The Fall Of Full Tilt Poker

It would seem Full Tilt Poker is currently desperately mulling a range of strategic options to help extricate itself from the precarious situation it now finds itself.
Until yesterday, Full Tilt Poker was still the second biggest poker site in the world with around 50,000 players online at any one time, of which some 9,000 were found at its virtual cash tables.
These figures were in spite of the fact Full Tilt had lost 48% of its traffic numbers since being forced to withdraw from the US market on 15th April.
Now, however, the online poker room’s servers are down with a total traffic of zero recorded by That situation is unlikely to change for at least another month pending a licence hearing by the Alderney Gambling Control Commission on 26th July.
In addition, Full Tilt has a major liquidity problem with millions of dollars now owed to players from all around the world, as well as the $150 million still owed to its former US customers who have been left high and dry by Full Tilt’s practice of mixing players deposits with its operating funds.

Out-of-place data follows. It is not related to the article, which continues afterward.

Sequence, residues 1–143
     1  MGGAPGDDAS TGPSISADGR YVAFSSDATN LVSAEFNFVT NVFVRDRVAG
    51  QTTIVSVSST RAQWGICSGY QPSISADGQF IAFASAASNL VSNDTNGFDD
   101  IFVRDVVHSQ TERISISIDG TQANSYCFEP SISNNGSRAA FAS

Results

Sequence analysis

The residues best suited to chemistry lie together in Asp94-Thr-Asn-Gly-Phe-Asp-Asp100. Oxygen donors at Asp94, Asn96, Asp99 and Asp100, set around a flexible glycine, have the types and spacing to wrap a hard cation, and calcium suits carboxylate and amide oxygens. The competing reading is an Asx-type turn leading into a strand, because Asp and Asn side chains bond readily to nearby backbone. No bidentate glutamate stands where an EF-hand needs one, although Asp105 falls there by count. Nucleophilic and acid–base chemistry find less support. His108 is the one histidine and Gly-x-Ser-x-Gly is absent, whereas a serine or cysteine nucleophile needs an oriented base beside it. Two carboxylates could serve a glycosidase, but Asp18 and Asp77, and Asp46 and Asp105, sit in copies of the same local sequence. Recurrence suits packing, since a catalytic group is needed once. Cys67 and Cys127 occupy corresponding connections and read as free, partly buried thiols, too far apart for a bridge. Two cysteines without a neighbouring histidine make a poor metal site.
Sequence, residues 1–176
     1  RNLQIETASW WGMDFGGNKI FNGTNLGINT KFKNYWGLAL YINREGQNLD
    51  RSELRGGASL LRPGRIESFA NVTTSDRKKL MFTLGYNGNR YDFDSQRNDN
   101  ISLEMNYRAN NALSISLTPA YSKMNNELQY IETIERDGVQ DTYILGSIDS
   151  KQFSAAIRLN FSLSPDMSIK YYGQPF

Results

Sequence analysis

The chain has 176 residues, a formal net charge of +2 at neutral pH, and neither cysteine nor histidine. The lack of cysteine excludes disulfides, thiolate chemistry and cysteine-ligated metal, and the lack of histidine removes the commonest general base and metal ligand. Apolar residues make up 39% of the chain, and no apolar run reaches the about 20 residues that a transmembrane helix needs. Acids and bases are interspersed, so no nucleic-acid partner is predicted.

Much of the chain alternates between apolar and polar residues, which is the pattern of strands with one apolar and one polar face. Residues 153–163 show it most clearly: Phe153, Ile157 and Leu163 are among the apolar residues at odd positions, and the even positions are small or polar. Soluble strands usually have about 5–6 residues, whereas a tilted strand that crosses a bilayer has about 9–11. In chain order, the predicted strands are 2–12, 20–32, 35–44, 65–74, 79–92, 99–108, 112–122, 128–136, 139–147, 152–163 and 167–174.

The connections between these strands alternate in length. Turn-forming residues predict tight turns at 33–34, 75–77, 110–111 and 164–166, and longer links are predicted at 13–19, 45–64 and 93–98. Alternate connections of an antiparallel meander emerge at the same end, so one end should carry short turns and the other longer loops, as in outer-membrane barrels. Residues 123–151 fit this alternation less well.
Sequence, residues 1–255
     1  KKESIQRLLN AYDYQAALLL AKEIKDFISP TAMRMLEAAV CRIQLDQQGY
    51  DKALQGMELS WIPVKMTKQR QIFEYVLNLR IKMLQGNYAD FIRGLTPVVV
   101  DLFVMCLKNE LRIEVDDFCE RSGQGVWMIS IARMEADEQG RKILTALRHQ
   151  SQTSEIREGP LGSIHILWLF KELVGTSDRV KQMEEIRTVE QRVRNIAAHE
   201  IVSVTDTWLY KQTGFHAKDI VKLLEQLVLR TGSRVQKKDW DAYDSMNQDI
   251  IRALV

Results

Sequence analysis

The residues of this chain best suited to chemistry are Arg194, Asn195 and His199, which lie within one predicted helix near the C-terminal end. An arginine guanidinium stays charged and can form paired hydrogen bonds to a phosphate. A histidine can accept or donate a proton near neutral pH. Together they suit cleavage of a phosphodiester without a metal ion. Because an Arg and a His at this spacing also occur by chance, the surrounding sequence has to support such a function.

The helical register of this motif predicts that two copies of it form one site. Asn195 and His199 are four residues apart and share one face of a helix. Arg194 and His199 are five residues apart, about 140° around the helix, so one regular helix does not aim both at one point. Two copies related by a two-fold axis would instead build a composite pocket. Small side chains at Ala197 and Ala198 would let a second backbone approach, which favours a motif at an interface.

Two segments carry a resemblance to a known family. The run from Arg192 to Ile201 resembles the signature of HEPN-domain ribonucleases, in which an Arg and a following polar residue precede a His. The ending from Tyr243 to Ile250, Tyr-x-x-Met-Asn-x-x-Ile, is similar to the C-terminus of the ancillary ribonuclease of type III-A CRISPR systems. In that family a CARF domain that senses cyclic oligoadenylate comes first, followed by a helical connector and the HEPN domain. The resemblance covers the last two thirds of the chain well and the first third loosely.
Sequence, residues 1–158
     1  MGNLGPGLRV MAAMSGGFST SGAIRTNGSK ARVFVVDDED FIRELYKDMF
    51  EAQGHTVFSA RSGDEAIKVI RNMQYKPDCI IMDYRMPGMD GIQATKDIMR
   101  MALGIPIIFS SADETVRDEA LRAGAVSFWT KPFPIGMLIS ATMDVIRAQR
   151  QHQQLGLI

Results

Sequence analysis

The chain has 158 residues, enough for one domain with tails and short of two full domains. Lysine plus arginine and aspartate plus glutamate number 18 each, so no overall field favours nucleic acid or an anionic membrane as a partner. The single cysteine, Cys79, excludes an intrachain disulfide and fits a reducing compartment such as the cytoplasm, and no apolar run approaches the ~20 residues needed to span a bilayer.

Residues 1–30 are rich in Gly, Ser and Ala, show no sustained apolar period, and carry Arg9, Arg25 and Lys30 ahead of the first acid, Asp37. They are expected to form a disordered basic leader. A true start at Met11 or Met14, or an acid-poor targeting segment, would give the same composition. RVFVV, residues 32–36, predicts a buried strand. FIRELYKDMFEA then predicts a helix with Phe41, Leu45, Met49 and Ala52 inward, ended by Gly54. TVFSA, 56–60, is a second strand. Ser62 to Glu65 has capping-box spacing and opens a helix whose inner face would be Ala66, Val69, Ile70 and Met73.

Furthermore, Full Tilt Poker is currently being sued by the US Department Of Justice (DOJ) for $1 billion on a range of charges which include money laundering and fraud. Amongst those facing up to 35 years in Jail are founders Raymond Bitar and Nelson Burtnick as well as Full Tilt  operatives Ryan Lang, Bradley Franzen, Ira Rubin, Chad Elie and John Campos.
Following Black-Friday, Full Tilt was at least expecting to keep earning revenue from around the world to help payback US customers but that is no longer an option now the site’s servers are down.
There was even talk this week that Full Tilt was close to salvation with an imminent series of bridging loans organised by casino business pioneer Jack Binion to give a much needed investment boost to the company.
Attracting serious investors seems a pretty slim possibility with the mounting problems facing the site and Full Tilt Poker will now have to come up with an impressive backup plan if it is to avoid paying the ultimate price.

Other news:   Multi-state online poker compact bill introduced in Pennsylvania

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